The Constitution provides several unique functions for the Senate that form its ability to "check and balance" the powers of other elements of the Federal Government. These include the requirement that the Senate may advise and must consent to some of the Prince's government appointments; also the Senate must consent to all treaties with foreign governments; it tries all impeachments, and it elects the Prime Minister in the event no person gets a majority of the electoral votes. The Prince can make certain appointments only with the advice and consent of the Senate. Officials whose appointments require the Senate's approval include members of the Cabinet, heads of most federal executive agencies, ambassadors, Justices of the Supreme Court, and other federal judges. Under Article II, Section 2 of the Constitution, a large number of government appointments are subject to potential confirmation; however, the National Assembly has passed legislation to authorize the appointment of many officials without the Senate's consent (usually, confirmation requirements are reserved for those officials with the most significant final decision-making authority). Typically, a nominee is first subject to a hearing before a Senate committee. Thereafter, the nomination is considered by the full Senate. The majority of nominees are confirmed, but in a small number of cases each year, Senate committees purposely fail to act on a nomination to block it. In addition, the president sometimes withdraws nominations when they appear unlikely to be confirmed. Because of this, outright rejections of nominees on the Senate floor are infrequent.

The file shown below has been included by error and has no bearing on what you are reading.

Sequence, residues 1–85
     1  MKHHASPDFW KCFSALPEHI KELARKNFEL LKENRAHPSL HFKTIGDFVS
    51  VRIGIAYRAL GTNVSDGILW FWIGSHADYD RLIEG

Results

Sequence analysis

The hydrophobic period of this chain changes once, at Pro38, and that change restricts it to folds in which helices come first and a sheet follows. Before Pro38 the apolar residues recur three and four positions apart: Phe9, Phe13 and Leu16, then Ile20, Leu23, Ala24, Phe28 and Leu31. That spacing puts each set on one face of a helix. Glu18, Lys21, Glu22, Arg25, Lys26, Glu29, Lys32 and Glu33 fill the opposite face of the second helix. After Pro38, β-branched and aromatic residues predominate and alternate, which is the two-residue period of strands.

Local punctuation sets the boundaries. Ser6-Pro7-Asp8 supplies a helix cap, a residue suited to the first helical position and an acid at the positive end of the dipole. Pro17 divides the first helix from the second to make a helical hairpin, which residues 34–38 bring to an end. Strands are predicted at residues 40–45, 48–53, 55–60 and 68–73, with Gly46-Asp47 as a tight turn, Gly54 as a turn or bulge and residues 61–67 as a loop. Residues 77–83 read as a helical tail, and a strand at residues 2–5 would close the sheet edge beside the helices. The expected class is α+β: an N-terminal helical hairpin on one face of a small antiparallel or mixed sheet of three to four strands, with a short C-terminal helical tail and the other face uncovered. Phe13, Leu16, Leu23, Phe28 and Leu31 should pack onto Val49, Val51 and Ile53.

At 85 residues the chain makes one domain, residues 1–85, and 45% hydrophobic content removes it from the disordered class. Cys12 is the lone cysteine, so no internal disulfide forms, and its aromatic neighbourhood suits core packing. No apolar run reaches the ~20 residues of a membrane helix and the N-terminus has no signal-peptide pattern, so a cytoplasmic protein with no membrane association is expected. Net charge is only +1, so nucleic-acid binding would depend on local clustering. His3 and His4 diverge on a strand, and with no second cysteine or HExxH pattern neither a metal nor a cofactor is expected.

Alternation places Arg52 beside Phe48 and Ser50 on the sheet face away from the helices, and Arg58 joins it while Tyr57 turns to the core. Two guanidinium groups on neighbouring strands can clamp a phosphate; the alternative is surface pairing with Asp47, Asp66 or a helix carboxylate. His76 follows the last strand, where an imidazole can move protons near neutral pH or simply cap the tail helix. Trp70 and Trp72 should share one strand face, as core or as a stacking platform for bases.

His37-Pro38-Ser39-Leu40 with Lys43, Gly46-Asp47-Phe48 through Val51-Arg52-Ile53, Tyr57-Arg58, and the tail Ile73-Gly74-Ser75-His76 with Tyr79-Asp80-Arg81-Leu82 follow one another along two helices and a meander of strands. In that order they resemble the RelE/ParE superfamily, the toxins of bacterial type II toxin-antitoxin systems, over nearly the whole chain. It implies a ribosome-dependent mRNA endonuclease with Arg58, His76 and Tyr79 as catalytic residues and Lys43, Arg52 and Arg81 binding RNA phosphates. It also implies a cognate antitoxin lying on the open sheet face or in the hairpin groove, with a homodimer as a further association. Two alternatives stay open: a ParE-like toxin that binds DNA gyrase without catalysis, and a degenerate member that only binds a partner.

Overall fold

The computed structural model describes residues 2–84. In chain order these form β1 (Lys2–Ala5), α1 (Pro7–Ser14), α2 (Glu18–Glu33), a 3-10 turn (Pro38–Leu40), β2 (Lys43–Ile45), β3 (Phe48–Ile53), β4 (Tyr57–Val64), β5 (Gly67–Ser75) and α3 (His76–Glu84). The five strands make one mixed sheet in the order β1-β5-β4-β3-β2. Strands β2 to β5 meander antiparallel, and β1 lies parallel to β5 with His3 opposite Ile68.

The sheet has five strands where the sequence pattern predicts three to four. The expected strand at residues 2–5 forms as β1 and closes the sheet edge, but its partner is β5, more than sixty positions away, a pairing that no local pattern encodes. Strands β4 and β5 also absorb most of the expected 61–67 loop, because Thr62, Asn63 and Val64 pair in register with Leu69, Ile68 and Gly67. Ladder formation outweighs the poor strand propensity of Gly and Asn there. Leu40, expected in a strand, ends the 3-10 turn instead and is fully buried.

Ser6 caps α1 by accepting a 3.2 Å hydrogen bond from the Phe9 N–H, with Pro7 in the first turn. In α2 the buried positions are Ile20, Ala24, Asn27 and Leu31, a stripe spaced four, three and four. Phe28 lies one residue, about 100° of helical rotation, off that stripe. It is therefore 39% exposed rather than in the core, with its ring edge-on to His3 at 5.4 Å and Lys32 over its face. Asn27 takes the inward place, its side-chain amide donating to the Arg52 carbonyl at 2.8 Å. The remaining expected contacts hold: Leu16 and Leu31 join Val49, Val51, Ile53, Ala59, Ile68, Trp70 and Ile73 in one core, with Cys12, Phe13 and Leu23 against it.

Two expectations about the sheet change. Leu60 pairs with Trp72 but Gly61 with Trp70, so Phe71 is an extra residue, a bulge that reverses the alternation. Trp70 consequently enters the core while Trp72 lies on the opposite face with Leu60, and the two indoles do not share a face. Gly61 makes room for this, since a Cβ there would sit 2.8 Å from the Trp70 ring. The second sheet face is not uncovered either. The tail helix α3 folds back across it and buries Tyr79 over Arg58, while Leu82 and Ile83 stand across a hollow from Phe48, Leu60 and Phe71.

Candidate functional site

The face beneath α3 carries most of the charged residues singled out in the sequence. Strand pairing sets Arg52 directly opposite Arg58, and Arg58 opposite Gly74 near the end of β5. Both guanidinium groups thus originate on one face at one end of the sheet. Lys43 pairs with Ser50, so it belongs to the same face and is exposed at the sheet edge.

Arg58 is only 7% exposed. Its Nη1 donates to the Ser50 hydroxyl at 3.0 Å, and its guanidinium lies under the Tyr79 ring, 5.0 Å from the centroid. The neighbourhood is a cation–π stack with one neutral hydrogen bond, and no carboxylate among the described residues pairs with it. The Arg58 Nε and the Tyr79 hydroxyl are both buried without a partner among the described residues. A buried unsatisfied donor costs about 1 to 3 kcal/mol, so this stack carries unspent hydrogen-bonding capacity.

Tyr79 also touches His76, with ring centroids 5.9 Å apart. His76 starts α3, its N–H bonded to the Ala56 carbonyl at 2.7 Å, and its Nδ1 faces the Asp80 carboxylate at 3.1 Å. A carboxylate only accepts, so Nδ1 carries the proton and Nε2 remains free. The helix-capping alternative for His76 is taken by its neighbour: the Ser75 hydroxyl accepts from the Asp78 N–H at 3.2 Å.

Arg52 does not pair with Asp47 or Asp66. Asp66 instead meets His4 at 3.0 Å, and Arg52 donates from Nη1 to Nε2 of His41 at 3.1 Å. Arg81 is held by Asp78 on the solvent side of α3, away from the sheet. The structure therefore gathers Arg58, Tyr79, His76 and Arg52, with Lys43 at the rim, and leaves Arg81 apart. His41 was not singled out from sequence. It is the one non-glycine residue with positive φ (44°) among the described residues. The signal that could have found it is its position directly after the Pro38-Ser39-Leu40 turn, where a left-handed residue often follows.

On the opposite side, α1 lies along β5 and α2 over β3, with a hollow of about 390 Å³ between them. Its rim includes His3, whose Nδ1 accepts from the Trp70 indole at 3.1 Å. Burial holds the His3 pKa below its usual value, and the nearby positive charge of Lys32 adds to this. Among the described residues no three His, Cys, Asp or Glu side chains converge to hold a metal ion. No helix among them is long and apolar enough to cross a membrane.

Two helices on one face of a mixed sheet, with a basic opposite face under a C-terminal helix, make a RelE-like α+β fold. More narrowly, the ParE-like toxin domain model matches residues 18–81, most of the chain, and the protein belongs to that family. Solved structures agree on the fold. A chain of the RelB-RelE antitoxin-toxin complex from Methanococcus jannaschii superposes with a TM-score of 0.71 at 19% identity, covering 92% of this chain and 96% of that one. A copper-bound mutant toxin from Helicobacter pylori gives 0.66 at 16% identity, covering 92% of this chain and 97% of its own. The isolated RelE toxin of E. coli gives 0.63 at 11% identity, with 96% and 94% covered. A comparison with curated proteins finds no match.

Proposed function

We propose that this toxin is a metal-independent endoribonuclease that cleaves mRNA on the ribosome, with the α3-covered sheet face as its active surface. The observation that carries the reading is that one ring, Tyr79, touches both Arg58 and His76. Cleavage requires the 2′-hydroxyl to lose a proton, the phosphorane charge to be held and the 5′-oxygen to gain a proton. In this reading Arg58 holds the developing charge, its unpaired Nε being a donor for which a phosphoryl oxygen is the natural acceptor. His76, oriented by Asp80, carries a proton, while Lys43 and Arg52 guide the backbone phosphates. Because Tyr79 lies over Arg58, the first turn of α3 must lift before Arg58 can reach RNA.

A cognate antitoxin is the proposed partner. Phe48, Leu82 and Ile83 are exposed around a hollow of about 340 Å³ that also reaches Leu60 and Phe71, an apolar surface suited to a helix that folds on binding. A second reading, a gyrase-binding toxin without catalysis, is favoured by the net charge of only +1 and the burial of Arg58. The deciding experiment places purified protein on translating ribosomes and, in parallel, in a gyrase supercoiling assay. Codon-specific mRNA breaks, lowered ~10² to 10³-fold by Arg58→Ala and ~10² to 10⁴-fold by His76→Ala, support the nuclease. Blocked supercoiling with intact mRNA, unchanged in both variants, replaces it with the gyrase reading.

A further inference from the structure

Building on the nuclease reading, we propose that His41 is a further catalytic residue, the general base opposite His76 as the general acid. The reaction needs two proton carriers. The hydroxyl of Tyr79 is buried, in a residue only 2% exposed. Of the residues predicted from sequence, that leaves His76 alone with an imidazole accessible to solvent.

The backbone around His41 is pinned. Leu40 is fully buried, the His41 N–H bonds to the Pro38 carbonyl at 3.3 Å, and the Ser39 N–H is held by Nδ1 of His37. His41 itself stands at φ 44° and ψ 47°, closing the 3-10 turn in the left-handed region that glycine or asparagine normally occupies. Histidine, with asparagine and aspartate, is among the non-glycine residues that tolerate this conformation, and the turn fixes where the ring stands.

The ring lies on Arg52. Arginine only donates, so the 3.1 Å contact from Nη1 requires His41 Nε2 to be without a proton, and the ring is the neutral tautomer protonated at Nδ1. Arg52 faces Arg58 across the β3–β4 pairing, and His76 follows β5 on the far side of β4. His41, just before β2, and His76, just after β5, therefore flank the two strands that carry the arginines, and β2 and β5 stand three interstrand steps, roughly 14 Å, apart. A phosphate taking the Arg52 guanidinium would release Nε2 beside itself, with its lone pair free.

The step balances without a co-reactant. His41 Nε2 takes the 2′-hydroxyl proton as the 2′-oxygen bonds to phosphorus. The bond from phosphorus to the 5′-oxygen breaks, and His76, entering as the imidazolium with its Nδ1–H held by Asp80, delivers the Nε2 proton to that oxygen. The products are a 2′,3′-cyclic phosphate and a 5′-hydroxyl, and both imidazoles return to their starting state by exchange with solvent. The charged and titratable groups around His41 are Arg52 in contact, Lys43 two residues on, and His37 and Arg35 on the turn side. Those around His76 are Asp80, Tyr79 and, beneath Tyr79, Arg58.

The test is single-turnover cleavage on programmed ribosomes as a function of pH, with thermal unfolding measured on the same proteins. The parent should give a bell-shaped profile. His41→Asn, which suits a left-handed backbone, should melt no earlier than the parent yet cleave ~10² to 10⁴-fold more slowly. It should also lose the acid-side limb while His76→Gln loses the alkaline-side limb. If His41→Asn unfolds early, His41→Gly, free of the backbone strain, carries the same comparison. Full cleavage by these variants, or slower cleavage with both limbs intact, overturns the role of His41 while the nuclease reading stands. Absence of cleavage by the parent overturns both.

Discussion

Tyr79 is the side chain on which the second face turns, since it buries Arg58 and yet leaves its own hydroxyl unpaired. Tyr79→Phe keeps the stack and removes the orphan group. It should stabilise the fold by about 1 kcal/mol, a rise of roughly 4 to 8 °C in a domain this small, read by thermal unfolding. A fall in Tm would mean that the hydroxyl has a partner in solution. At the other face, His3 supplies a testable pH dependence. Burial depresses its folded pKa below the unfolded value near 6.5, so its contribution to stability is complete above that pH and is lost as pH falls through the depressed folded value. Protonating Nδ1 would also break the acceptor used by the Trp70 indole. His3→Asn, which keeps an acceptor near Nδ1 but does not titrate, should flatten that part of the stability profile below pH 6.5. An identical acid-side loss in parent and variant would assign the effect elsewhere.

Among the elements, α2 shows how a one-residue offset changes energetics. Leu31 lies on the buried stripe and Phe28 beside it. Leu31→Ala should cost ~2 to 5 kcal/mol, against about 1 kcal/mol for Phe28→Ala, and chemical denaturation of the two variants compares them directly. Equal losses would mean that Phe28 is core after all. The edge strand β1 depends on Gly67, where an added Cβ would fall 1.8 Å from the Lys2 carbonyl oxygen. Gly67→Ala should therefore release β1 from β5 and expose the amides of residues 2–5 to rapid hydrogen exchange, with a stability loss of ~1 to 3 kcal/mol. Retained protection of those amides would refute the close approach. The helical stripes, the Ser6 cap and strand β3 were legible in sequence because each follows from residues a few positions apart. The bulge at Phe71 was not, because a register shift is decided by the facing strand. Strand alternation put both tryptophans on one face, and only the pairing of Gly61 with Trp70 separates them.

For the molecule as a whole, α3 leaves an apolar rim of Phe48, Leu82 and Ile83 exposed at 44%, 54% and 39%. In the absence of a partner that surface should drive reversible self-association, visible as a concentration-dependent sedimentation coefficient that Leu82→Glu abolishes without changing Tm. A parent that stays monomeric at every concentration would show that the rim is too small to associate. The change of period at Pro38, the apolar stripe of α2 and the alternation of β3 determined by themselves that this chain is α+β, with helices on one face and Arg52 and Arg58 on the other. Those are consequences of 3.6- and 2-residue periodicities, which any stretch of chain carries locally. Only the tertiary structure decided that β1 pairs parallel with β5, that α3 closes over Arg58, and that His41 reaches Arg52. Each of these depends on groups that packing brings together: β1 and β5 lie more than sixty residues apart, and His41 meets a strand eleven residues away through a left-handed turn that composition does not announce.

Current composition and election results

Current party standings

The party composition of the 1st Senate during the 1st National Assembly:

Party name Short name Leader Colors Seats
Athenian Imperial Party AIP Pablo Macias
6 / 11
Roman Imperial Party RIP Will van den Boom
5 / 11